THE mention of Swami Rama Tirtha’s name always inspires reverence and joy in the hearts of those who have either read his works, or who have heard of him in one way or another. Not only is he held in high esteem by yogis, but he is also held in very high regard by people outside the path. C. F. Andrews, who lived in the Punjab, describes the effect Swami Rama had on the people:

“The name of Swami Rama is one which I have learnt to honour through residence in the Punjab, where his chief influence was felt. Again and again I have seen faces light up at the mention of his name, and men have told me how much they owed to him. There is a child-like simplicity in what he writes and an overflowing joy and happiness won through great selfdiscipline and suffering, which reveals a soul that is at peace within itself and has found a priceless gift that it desires to impart to others.”

When a person has accomplished so much in a short span of thirty-three years, it is always interesting to know a little of their early years and experiences, to see how they must have affected his personality. Rama was born on the 22nd October 1873 in a village in the West Punjab called Muraliwala. His father was a poor priest who ministered to the Hindu families in the neighbouring villages for a living. His mother, who was described as a woman of ‘tranquil disposition,’ died a year after Rama was born. He was therefore brought up by an aunt. According to the customs prevailing at the time, Rama was betrothed at the age of two to the infant daughter of a Pundit by the name of Rama Chandra who lived in Viroke. The proper matrimonial ceremony took place eight years later when Rama was ten years of age.

Rama was a pupil in the village Primary School and was taught by a Mohammedan Maulavi (priest). He suffered badly from colds and bronchitis but this did not prevent him from attending school. In fact he worked very hard in defiance of these very serious setbacks of health and poverty, with the result that he successfully passed his examinations at school and gained admission to a Secondary School in the neighbouring town called Gujranwala, which was located six miles from his home in the village. His father placed him in the charge of a friend by the name of Dhanna Rama. Dhanna Rama was a coppersmith by trade and a wrestler in his spare time. Besides, he was also very spiritually dedicated and had received initiations into the practice of Yoga.

Until Rama had met Dhanna Rama, he had been brought up in a religious atmosphere of an orthodox nature. His father believed in religion simply as a means to livelihood. Under the influence of Dhanna Rama, however, Rama soon developed great devotion to the Lord incarnate as Krishna. He respected his saintly friend, and showed his great love for Dhanna Rama, his loyalty and spiritual indebtedness to him later in his life when he went to Lahore, by writing to him no less than three times a week.

In 1888 Rama passed the entrance examination into the Punjab University at the age of fourteen and a half, standing thirty-eighth in the order of merit. Later that year he joined the Mission College in Lahore, and rented a hovel of a room, because that was all he could afford. The place was very noisy and moreover infested with snakes. He worked under great strain, and this is evidenced by a letter he wrote to an uncle, who gave him every sympathy and who encouraged him in the face of the bitter opposition he was receiving from his father at the time. The following is an extract from his letter:

“My greatest need is a solitary place to study in, time, and a will to acquire knowledge. O Uncle, this is my innermost desire, the rest is known to God.”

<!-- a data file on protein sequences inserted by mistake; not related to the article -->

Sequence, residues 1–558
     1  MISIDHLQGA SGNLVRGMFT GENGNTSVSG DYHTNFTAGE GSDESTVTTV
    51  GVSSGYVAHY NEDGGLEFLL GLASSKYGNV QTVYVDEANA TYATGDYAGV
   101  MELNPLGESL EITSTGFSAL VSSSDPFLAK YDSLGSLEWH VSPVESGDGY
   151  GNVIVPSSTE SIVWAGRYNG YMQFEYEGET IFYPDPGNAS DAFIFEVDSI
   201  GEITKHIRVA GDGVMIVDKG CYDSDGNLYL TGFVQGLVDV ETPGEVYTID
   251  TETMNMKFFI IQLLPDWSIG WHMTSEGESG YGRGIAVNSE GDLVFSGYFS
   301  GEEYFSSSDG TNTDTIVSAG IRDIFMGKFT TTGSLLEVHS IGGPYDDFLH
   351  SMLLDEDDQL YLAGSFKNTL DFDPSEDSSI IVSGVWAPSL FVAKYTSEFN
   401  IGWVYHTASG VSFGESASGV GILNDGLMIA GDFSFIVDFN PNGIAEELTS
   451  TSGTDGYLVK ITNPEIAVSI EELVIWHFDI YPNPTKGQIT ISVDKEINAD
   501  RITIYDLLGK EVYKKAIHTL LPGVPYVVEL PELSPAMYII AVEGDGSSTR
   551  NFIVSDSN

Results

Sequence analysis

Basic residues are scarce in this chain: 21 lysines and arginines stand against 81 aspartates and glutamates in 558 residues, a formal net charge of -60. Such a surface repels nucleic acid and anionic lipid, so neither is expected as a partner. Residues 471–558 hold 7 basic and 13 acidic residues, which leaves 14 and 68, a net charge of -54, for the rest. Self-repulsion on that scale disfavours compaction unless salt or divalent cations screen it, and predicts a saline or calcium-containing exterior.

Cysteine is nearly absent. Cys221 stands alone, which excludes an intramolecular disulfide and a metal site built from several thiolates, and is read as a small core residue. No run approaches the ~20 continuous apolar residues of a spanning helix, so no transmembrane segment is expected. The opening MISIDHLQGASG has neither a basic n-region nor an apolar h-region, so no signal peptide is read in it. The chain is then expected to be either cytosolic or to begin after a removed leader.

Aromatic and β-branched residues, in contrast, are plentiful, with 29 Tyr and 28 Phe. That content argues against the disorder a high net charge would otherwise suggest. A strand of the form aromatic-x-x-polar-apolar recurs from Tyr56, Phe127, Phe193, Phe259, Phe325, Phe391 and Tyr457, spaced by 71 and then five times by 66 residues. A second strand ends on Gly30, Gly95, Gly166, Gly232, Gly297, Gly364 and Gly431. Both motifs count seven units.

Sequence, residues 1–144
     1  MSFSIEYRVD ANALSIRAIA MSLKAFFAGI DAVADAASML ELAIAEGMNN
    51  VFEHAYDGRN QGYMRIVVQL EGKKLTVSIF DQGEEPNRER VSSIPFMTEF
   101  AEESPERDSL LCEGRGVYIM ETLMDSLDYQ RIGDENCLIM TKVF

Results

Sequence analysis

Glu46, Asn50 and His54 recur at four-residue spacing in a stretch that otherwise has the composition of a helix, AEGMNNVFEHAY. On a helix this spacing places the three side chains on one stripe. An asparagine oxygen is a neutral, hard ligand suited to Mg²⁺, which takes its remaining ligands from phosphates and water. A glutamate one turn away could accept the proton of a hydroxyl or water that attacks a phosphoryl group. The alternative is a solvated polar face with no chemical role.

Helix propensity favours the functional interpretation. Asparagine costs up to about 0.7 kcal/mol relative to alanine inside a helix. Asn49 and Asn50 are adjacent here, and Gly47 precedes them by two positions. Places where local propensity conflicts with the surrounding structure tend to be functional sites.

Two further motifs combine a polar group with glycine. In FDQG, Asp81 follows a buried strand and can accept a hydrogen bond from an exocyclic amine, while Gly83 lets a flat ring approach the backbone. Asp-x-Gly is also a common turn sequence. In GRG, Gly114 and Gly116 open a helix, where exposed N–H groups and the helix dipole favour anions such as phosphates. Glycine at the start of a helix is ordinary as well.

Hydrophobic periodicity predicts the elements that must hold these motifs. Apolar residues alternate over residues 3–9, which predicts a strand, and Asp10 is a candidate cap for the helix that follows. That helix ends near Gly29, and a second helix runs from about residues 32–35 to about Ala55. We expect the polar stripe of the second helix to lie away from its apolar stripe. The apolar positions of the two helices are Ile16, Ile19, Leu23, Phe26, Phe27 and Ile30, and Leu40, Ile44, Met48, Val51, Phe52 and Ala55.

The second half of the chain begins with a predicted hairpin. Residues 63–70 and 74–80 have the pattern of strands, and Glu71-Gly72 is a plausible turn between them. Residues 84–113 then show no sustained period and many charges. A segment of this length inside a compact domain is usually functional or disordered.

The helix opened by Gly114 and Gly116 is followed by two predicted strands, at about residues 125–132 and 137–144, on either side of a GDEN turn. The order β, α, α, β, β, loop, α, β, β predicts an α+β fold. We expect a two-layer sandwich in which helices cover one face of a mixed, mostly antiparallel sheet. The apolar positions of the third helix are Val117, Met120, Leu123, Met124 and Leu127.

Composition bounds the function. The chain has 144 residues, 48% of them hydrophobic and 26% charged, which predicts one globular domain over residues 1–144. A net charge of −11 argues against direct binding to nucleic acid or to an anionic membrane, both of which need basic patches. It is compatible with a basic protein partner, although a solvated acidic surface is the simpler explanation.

In 1890 he sat for the Intermediate Examination and passed with distinctions and was awarded a University scholarship. Instead of being pleased with his son’s achievement, his father was very angry. He did not want his son to fritter away his health and energy and resources in the search for knowledge of any kind. All he was interested in was an income that would meet their daily needs. Rama, on the other hand, was not only determined to pursue his academic career, but also his spiritual one. He therefore defied his father and joined the B.A. class. His father in return punished him by stopping all financial aid and in addition by transferring to Rama all responsibility for his wife, a responsibility which he himself had imposed on him in the first place. After providing for his rent, his wife’s maintenance and other necessities, Rama is said to have had three pice (equivalent to farthings) a day left.

“Never mind,” said he in a letter, “God wishes to put me to the test. If beggars can live on two or three pice a day, why can’t I?”

In 1892 he sat for his B.A., but failed for want of a few marks in English, although he is said to have stood first in the University by his grand total. This was indeed a real crisis. Not only had his father forsaken him, but he had so many responsibilities, on top of which he had now also lost his scholarship. There was nothing left to depend upon. His reactions to all this are expressed in the following extract of a letter he wrote to his good friend Dhanna Rama:

“Heart-broken, I felt as if a mountain of sorrow crashed upon me. Tears streamed in a torrent, and I prayed ‘O Lord, now Rama is utterly Thine and Thou art Rama’s. My only duty is to pray continuously, and to remain contented with whatever comes: and Thine is to protect him in every way. Even the body of Rama is no longer his, it is Thine. Now save him or kill him, just as it pleases Thee.’ ”

All these difficulties, instead of turning him away from God, made his love for Him more intense, for he knew that nothing in the world or in human nature could be relied on, only God. He was not going to be weakened into accepting some petty job for a livelihood. He had determination and a strong will, and, having displayed it in his own life, later recommended it to others in the following words: “There is nothing in the world so precious as firm determination,” and again in the words, “Fate bows to him who defies it.”